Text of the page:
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Lessons Learned from Parkinson’s Disease

Deriel Moore Courageously Shares His Personal Journey with the Diagnosis & Considers Launching a Support Group

Special to the Pulse BY VIC ANGLIN:

“I used to be a Sherman Tank. Now I’m a Volkswagen,” said Deriel Moore, Youth Director and Treasurer for First Baptist Church, Hatfield. Moore was officially diagnosed with Parkinson’s disease in September, 2012. “I’ve had symptoms for four or five years, I just didn’t go to the doctor.”

According to the University of Maryland Medical Center, Parkinson’s is a disease of the nervous system that gets worse over time.  Nerve Cells in the brain degenerate, causing body movements to be disrupted, worsening over time. Some symptoms include Tremors, Rigidity, Akinesia (lack of movement or loss of spontaneous movement), slowness of movement, and problems with walking or posture. There is no known cause or cure.

Moore was raised in Baptist churches and has been at First Baptist, Hatfield, for the last 13 years with his wife, Tonya. He and Tonya met some 20 years ago at a ball in Hot Springs, Ark. They dated the next 12 months long distance because of their job locations and have been married 19 years. “She’s the wife in Proverbs,” he said. “There’s no doubt about that.”

He credits his wife as his greatest advisor and supporter. “My wife said something like: ‘You’re still Deriel. You have Parkinson’s, but you’re not Deriel with Parkinson’s. That’s not your identity – don’t let Parkinson’s become your identity.’ And she told me to just be Deriel that has Parkinson’s, but the same Deriel I’ve always been,” Moore said. “That’s real good advice,” Moore continued. “It’s like realizing you’re not what you do.”

Moore said the disease has changed his life. “I was a tank all my life. Very aggressive. Athletic. A hard worker,“ he said. But now “you can’t accomplish or follow through with anything. You may last a few hours and then your legs give out or you shake,” he continued. “I used to walk straight up and proud. Now I stumble.”

Noting that the medical field has a great deal left to discover about this disease, Moore stated, “They do not in all sincerity know what’s caused Parkinson’s, but they can treat the symptoms.” And the symptoms are where Moore seeks relief. “Parkinson’s is not known to be terminal, but it can cause things to make you so miserable that your life is of no quality,” he said. “Now I’ve got the rest of my life to deal with the side-effects of it.”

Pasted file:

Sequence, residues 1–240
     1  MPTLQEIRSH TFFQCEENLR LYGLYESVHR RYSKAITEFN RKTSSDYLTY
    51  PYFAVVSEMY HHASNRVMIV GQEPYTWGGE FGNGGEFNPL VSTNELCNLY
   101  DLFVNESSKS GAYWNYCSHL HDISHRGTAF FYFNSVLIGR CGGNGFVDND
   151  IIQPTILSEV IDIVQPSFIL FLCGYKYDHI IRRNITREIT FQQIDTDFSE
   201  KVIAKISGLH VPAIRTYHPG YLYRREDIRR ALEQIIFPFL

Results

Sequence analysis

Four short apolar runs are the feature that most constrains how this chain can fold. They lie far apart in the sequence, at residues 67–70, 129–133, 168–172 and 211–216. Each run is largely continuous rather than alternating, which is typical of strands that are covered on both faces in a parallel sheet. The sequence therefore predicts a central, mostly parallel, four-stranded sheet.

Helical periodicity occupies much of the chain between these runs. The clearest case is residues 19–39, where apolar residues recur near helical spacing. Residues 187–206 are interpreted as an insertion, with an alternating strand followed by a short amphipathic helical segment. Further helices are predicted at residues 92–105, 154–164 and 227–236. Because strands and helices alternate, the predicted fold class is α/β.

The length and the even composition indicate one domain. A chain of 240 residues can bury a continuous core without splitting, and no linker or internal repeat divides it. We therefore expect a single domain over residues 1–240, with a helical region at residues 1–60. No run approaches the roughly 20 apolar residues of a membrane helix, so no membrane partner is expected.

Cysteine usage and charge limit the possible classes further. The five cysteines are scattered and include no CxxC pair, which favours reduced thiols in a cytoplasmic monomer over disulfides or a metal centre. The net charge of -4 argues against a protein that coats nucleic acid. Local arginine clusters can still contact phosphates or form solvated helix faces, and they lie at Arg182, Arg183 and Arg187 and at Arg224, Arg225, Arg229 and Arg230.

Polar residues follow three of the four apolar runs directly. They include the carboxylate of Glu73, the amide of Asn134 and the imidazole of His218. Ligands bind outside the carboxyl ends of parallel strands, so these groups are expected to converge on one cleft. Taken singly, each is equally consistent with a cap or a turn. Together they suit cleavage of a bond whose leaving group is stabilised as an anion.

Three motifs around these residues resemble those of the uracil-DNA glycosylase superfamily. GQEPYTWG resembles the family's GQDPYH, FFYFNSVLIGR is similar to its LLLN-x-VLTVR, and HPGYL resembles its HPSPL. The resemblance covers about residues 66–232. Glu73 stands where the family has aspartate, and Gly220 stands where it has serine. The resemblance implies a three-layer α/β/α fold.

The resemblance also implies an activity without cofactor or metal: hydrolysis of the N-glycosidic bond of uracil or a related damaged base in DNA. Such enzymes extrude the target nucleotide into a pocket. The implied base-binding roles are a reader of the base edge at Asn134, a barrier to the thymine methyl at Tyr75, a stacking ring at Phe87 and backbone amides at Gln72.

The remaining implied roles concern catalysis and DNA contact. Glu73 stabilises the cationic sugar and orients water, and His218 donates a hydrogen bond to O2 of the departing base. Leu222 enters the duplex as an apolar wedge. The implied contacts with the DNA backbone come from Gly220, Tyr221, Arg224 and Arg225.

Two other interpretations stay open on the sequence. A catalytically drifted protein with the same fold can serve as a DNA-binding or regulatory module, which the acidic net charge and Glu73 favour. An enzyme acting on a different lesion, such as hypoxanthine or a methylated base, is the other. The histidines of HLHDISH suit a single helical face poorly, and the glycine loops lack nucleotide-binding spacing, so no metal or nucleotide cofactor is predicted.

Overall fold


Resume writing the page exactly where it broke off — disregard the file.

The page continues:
Moore states that God is the biggest help in his life. “God’s taught me to accept whatever happens and to overcome adversity in His name and with His grace,” he said. “Just like a Running Back in Football. They always know the direction to go and they keep their feet on the ground and they know where the goal line is – only in this case the goal line is the Cross.”

Perhaps the biggest thing Moore’s learned? “I’ve learned to love more than I used to,” he said. “And if God allowed me to have this for that reason then it’s worth it.”

His attitude stays positive. “I’m not a pitiful wreck. I think I’ll make it several more years,” he said. “It’s an unknown road that I travel – that everybody travels. Most people just don’t know it.”

According to Moore, he and his wife are investigating the idea of starting a support group to help people with Parkinson’s and their caregivers (families) in the Mena, Hatfield, Cove and surrounding area. “In the future I’d like to look into Support Groups,” he said. “I’d like to look into the possibility of starting one here locally.”